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Argument Structure in Flux

The Development of Impersonal Constructions in Middle and Early Modern English, with Special Reference to Verbs of Desire


Noelia Castro-Chao

The class of verbs of Desire comprises verbs whose syntax and semantics have undergone important changes in the course of their histories. Their argument structure involves a Desirer and a Desired, and in earlier English they could be used impersonally in constructions lacking a subject marked for the nominative case. The book presents three case studies based on a comprehensive survey of the entries in the Oxford English Dictionary and the Middle English Dictionary and on corpus data retrieved from EEBOCorp 1.0 (1470s–1690s). The results obtained unveil the loss of impersonal uses and their gradual replacement by personal patterns, in particular a pattern where the verb governs a prepositional complement representing the Desired as a metaphorical goal.

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5 Data and methodology


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5Data and methodology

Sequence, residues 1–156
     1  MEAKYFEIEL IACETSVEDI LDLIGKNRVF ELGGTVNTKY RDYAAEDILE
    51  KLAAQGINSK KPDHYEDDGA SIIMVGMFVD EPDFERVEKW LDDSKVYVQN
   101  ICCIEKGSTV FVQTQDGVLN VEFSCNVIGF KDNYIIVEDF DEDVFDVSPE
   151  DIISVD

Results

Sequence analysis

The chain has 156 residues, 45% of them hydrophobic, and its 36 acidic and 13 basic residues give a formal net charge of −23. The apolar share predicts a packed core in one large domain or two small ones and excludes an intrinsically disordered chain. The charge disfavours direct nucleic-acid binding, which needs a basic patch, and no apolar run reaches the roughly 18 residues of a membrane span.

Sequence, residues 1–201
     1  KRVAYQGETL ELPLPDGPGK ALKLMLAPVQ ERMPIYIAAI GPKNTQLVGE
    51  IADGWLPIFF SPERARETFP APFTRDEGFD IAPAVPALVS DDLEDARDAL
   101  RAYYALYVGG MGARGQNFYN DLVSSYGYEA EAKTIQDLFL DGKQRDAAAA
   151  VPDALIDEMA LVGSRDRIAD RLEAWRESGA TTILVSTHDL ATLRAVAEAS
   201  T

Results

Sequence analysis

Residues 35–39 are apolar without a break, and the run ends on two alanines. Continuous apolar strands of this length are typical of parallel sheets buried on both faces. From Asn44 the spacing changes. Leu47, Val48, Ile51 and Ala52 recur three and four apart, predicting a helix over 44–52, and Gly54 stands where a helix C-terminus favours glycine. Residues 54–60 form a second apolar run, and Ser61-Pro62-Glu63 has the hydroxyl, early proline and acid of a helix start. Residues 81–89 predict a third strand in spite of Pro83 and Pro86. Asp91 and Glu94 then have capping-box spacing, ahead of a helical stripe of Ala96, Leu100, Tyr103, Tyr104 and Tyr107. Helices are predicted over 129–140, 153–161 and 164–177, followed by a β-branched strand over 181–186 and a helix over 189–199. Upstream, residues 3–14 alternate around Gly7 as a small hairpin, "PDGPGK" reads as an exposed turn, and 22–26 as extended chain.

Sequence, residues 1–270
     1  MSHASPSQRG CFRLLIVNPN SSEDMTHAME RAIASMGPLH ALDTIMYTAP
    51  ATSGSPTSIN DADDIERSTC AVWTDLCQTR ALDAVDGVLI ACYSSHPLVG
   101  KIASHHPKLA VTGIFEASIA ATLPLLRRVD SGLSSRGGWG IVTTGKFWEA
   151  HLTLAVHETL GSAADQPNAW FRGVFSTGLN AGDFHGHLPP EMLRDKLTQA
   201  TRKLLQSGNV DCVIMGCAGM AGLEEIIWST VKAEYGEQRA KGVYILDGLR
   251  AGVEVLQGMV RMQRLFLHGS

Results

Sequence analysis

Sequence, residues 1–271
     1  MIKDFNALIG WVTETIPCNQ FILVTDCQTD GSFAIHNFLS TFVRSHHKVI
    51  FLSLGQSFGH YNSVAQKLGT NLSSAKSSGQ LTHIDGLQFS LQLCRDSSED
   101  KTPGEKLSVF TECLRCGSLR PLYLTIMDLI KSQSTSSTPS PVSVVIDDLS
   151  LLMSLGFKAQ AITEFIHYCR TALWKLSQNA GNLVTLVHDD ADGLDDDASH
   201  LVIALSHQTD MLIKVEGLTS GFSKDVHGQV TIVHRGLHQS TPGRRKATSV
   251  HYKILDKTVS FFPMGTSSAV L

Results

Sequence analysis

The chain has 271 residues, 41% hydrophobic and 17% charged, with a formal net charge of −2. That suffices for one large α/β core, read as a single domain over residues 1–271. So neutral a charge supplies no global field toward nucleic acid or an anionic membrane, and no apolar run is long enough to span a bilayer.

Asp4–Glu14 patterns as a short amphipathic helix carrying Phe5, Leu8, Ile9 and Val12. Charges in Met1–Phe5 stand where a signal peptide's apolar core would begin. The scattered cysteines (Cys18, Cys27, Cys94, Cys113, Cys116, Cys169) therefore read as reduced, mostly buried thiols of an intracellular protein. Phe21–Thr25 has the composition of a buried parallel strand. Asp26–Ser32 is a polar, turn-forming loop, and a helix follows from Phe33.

5.1.1Early English Books Online (EEBO)

Early English Books Online (henceforth EEBO) is a Proquest/ Chadwyck-Healey subscription database which contains works printed between 1473 and 1700. As described on its website, EEBO provides access to digitised images of over 125,000 items, it was first launched in 1998, and contains page images of almost every work printed in England, Ireland, Scotland, Wales and British North America, as well as works in English printed elsewhere.27

More than 200 libraries worldwide have contributed to this comprehensive collection, which has become indispensable for Anglo-American studies. The collection has been used for research in a wide range of fields such as education, English literature, fine arts, history, linguistics, mathematics, music, philosophy, science and theology. Amongst the authors included in these collections are Edmund Spenser, Thomas More and William Shakespeare.

Over the course of the EEBO project, short-title catalogues served as a means for the selection of texts. In fact, EEBO’s history is closely related to Pollard & Redgrave’s Short-Title Catalogue (1475–1640) and Wing’s Short-Title Catalogue (1641–1700) and their revised editions, as well as to the Thomason Tracts (1640–1661) collection and the Early English Books Tract Supplement. Together, these bibliographic sources ←79 | 80→may be said to largely represent the history of English thought, from the first book that was ever printed in English through to 1700.

The records accessible in EEBO constitute...

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